Black widow spider (Latrodectus)
Yep – Egypt has its own population of the black widow spider. That’s to be expected, though, since this uber-ubiquitous arachnid now has populations and sub-species on every single continent on the planet apart from the icy swathes of Antarctica. There are some subtle differences between the ones you’re likely to come across in the land of Sphinxes and Red Sea reefs compared to the redbacks of Oz and the widows of California. However, the general appearance is the same…
Think a big, bulbous back of the body that’s jet black all over, fronted by a smaller head and flanked by back and front legs that gnarl forward to form spiky ends. The whole creature usually measures no more than 10-15mm across, and it’s the females of the species that are the most iconic of the lot. They’re the ones with the distinct red blotches on the thorax and the shiny outer hue.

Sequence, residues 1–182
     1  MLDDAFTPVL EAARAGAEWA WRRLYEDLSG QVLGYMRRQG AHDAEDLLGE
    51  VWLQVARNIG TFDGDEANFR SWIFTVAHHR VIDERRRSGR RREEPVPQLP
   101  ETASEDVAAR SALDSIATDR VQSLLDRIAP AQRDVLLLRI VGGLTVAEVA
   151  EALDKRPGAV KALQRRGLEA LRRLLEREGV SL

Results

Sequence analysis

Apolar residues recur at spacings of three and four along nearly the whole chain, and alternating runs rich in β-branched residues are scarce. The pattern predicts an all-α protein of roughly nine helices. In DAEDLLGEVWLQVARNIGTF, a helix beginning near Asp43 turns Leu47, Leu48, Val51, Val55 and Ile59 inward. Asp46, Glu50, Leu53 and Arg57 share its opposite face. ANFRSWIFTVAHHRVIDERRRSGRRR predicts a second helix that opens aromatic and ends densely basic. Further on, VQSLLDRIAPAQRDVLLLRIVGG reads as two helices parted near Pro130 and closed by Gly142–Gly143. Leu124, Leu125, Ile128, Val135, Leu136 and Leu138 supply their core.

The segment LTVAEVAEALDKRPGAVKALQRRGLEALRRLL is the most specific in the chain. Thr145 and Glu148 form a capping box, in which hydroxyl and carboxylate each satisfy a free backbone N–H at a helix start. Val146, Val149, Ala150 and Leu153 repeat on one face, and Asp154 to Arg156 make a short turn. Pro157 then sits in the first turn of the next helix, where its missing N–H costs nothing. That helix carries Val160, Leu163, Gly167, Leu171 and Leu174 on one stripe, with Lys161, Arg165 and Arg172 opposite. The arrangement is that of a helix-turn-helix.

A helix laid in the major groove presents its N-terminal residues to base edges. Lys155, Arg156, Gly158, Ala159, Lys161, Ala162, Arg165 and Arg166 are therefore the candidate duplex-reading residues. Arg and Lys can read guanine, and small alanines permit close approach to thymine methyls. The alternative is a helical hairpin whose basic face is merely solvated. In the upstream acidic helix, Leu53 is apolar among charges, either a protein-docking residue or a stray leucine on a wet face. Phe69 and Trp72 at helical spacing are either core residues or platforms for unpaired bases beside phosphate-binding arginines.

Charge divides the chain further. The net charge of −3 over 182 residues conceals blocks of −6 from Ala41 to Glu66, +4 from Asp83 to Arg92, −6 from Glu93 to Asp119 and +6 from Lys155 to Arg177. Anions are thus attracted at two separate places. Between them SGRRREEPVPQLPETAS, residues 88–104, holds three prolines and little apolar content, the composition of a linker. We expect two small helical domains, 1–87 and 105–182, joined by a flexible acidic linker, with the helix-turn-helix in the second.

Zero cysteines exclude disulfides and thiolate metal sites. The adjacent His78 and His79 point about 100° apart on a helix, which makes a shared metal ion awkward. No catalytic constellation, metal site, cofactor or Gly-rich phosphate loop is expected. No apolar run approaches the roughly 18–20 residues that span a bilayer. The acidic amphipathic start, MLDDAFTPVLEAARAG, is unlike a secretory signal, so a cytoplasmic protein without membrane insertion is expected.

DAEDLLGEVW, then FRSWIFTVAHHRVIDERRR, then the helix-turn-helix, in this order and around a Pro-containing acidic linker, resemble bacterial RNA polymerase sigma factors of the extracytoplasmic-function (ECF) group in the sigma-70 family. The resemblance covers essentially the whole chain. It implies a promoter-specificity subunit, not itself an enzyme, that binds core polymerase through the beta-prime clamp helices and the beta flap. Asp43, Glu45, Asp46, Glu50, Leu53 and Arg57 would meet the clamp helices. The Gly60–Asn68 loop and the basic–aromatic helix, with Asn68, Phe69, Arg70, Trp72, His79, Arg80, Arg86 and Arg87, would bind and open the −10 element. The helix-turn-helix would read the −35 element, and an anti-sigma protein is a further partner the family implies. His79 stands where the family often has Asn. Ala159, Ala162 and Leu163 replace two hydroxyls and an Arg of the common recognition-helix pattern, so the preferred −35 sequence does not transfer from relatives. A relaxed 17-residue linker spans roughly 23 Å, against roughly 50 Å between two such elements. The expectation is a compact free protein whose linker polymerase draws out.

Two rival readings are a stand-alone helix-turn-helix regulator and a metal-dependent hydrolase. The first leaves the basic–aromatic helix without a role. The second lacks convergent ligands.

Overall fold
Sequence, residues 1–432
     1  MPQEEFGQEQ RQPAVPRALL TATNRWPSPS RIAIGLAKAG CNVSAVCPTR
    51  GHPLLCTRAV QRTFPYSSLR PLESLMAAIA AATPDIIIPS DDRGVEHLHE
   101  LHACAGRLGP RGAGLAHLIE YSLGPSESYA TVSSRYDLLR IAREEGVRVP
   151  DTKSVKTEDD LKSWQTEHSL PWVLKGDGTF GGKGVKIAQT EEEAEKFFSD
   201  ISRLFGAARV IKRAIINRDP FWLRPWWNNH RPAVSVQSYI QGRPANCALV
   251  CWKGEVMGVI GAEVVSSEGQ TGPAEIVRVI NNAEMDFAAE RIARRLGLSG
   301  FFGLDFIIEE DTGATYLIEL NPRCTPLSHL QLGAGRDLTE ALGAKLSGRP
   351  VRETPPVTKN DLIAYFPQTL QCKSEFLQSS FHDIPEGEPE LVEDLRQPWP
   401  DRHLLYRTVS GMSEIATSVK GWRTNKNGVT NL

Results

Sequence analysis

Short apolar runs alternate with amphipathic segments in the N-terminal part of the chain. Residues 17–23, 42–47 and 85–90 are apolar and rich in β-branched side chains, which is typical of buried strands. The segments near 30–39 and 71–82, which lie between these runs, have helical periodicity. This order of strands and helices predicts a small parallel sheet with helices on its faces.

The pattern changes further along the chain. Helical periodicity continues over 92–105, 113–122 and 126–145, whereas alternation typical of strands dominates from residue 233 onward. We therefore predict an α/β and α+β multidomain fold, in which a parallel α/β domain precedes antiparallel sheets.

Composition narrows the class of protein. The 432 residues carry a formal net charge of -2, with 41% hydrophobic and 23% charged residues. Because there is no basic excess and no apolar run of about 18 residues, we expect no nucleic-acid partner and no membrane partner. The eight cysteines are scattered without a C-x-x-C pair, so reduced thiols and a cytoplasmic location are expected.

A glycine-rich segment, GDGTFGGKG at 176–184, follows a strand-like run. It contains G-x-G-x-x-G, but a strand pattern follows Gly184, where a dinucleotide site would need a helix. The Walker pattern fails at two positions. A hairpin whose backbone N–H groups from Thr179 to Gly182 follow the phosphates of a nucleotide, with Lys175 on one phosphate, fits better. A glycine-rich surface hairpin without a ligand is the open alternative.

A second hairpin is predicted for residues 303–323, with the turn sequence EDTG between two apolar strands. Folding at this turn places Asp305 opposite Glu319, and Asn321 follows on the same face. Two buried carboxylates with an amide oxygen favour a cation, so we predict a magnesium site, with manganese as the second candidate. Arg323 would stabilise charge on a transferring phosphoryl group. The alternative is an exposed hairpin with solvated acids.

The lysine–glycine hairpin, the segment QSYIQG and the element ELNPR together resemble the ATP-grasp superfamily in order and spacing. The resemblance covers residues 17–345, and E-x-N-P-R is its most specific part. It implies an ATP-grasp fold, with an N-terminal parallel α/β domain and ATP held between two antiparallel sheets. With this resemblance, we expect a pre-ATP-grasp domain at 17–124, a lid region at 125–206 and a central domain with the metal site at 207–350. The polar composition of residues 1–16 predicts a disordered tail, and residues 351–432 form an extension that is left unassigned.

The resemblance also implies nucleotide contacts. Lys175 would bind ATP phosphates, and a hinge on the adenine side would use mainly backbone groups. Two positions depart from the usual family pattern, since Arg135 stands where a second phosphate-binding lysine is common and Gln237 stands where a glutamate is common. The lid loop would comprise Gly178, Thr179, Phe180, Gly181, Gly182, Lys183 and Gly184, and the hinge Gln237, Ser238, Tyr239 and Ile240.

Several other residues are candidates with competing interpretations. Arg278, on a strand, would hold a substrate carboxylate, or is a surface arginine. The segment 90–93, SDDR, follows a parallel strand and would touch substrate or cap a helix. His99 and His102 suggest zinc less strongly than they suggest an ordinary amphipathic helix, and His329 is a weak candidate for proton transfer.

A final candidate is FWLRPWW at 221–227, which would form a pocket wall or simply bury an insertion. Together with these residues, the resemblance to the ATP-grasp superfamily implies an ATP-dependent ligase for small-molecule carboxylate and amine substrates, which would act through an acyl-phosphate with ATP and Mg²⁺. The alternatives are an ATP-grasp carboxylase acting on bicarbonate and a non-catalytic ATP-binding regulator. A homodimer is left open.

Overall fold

Widow spiders display some strange behavior, even for the world of arachnids. The name comes from the fact that the women tend to eat their mate after reproducing in order to maximize the chances of the offspring’s survival. They catch prey by wrapping them in encasings of silken fiber and then dousing the whole thing in digestive fluid, turning flies and whatnot to mush before they’re sucked straight into the stomach.